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(Travel Memoir)




When Lisbon Conspired

Two oversized suitcases, a handbag, and a couple of worn leather totes sit in a tidy row beside a sleeping bag on the living room floor. The basement, which was filled with a lifetime of tchotchkes, is empty. The upstairs—the space of my rose-coloured sanctuary—is dismantled. Most of the furniture has been sold, and what is left is tucked and locked into storage bin #222. Even the keys to my glossy eggplant, prettiest-ever car are gone; a new owner has adopted her. All that remains in this two-story house are the suitcases I stare at on the floor.

I am at last alone, after a whirlwind of preparation, celebration, and farewells. My final guests, my parents, have reluctantly left me after a paralyzing phone call from afar. It was not easy for them to walk away, for an indeterminate amount of time, from a forlorn daughter about to fly off in a dumbfounded mess.

Our day-to-day lives typically flow with the minutiae of the known. There is the mundane and the comfortable; like the ratty robe that we wrap around ourselves to watch movies in, with a hot cup of tea from our favorite mug. There are our unvarying routines, our jobs, the people we know, and the places we frequent, which give us stability and a sense of certainty in an uncertain world.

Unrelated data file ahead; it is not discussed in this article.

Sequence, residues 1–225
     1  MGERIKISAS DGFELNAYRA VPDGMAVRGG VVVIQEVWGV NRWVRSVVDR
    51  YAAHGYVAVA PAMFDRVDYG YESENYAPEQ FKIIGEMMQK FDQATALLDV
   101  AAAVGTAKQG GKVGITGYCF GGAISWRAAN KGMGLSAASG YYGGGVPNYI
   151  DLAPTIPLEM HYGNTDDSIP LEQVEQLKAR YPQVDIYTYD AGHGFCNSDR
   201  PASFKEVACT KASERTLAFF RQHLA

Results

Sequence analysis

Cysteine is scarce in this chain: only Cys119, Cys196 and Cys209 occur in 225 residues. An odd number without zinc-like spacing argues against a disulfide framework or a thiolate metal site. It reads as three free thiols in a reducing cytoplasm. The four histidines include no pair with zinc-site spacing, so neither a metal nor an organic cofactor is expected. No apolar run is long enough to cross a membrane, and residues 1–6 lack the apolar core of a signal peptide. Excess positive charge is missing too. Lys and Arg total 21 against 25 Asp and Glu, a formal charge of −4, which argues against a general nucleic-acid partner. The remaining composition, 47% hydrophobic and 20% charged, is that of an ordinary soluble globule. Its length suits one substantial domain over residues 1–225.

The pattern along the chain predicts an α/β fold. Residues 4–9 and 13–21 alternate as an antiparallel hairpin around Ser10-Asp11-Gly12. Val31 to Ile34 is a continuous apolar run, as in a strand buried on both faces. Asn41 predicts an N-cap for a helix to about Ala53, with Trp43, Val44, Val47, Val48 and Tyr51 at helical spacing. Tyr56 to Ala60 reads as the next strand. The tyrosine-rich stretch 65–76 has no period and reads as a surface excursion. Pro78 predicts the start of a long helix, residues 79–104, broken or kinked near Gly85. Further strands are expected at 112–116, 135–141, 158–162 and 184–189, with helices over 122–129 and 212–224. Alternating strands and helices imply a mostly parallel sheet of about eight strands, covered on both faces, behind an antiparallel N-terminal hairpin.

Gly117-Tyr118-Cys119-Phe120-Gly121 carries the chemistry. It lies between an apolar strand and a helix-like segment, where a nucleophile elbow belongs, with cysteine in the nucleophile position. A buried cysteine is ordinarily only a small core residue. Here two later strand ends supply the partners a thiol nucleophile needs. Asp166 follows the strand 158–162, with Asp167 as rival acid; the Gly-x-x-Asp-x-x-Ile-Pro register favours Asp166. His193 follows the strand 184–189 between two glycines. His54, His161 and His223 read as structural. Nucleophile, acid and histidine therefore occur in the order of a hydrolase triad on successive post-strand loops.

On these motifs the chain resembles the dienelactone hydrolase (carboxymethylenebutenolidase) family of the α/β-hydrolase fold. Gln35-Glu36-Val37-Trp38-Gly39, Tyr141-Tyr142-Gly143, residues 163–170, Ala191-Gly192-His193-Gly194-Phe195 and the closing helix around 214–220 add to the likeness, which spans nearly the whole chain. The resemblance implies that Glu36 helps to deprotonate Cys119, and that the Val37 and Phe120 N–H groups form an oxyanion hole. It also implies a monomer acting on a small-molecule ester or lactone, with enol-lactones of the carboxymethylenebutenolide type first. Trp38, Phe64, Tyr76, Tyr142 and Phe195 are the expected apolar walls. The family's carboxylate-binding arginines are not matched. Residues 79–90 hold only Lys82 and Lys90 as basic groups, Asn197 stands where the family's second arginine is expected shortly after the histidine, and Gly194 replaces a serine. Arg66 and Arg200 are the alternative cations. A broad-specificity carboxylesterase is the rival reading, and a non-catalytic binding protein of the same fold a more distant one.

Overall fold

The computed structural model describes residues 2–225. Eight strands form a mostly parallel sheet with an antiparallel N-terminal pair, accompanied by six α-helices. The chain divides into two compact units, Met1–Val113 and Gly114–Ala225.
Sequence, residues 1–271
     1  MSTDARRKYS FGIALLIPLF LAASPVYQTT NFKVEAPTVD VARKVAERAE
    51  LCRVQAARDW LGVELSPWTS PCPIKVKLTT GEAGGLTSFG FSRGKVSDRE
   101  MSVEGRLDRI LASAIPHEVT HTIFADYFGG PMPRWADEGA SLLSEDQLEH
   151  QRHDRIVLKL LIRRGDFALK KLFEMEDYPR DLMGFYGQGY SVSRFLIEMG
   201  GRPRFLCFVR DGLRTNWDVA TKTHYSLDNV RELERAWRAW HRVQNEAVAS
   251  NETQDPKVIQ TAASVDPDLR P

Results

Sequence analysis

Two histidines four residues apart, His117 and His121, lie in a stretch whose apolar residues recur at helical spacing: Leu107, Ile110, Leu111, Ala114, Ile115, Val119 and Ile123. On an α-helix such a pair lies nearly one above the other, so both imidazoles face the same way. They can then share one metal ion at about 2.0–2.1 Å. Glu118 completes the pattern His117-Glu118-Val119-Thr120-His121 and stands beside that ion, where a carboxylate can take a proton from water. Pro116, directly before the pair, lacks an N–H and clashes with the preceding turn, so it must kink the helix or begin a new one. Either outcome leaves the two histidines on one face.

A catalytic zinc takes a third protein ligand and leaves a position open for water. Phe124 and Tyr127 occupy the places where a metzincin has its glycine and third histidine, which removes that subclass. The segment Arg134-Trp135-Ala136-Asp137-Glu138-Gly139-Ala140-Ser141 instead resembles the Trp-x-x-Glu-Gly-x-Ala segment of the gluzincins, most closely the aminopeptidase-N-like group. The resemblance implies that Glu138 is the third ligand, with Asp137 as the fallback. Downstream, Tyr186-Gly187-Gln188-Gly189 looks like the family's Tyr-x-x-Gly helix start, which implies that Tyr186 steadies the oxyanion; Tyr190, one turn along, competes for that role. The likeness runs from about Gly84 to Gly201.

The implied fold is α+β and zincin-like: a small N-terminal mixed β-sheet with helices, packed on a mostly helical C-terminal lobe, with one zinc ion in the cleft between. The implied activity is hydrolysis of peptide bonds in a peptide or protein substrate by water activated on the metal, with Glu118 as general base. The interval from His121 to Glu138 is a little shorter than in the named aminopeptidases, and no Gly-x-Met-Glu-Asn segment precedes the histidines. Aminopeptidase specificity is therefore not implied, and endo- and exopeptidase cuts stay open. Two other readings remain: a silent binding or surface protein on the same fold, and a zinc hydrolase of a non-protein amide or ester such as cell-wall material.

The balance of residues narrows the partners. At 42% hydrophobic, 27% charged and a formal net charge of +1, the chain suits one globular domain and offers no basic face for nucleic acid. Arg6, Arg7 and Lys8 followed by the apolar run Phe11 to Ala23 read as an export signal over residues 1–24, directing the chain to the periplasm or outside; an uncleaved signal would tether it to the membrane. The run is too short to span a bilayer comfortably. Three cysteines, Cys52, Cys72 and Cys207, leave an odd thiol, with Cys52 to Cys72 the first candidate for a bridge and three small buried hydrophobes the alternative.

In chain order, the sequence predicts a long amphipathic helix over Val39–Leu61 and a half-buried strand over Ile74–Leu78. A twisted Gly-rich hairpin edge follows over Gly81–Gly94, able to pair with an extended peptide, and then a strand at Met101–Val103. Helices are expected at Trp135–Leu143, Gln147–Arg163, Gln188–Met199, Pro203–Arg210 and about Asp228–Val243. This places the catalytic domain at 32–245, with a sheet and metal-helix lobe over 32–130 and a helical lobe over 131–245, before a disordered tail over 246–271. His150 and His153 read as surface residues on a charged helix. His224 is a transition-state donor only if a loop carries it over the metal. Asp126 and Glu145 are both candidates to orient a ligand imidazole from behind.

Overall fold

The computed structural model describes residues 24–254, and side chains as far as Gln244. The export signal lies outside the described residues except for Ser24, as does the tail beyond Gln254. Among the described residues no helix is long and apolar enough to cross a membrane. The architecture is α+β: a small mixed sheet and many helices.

And occasionally, there are the extraordinary moments when a life-altering fork in the road appears, when constancy vanishes underneath us and we are presented with an opportunity that excites us, stretches us far beyond the boundaries of our self-imposed restrictions, and scares the bejesus out of us. We have the freedom to choose, but we cannot know the long-term ramifications, or predict the final outcome of either decision, be it yay or nay.

Had I picked the road most traveled, this house would look the same as it did three months ago. My heartbeat would be steady and, at this moment, I would be asleep in my big brass bed, safely tucked under a thick, goose-down duvet. Monday morning, I would awaken to a flurry of faxes and phone calls in the small office upstairs, and then race off on a snowy road-trip for a week of intensive work. But that pathway may have led me to a deep gorge of regret, and a lifetime of what-ifs. I could not take that chance, ending up an old, disenchanted woman, retelling what might have been.